Background: Data on the management of attention-deficit/hyperactivity disorder (ADHD) in African-American children and adolescents are limited.
Methods: This study sought to evaluate the tolerability, safety, and efficacy of atomoxetine hydrochloride in the management of ADHD in African-American children and adolescents by conducting a post hoc subgroup analysis of 2 multicenter, open-label studies.
Results: Atomoxetine was safe and well tolerated, with >or=3.0% of African-Americans and Caucasians discontinuing treatment because of adverse events. A significantly higher proportion of Caucasians reported >or=1 treatment-emergent adverse event, including vomiting (7.2% vs 1.2%; P=.037) and fatigue (6.1% vs 0%; P=.012). No serious safety concerns were observed. Changes from baseline in height, weight, and hemodynamic variables were modest and similar in both racial subgroups. African-Americans and Caucasians showed significant improvement from baseline to end point in the mean ADHD Rating Scale-IV-Parent Version: Investigator Administered and Scored (ADHDRS-IV-P:I). Scores decreased by 20.1 in African-Americans and by 19.55 in Caucasians, without significant between-group differences. Patients in both racial groups experienced similar, significant improvements in ADHDRS-IV-P:I inattention and hyperactivity-impulsivity symptoms, Clinical Global Impression-ADHD-Severity, and Conners' Parent Rating Scale-Revised: Short Form.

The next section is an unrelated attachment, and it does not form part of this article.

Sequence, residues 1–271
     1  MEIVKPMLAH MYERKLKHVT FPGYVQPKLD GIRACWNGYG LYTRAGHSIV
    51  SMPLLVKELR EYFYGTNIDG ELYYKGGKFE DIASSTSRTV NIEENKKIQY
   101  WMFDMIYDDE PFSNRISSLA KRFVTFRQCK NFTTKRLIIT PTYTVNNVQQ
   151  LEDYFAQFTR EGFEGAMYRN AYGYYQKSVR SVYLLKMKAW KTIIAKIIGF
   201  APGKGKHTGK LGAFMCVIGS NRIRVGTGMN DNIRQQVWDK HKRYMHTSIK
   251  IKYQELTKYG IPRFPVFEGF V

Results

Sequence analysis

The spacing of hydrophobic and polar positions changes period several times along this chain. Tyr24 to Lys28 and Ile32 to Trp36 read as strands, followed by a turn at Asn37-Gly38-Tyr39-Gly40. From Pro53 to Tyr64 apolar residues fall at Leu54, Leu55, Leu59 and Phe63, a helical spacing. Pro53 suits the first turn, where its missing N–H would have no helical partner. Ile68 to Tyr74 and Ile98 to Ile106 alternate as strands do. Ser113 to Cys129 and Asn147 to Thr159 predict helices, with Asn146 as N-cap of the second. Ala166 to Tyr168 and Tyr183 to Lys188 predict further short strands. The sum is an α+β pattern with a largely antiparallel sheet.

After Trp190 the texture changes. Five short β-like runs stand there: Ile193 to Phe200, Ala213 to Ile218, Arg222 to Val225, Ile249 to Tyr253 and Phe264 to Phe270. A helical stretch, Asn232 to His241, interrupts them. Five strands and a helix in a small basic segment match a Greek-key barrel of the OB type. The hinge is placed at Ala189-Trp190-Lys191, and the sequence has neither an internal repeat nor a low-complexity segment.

Conclusions: Atomoxetine exhibited similar tolerability, safety, and efficacy profiles in African-Americans and Caucasians with ADHD.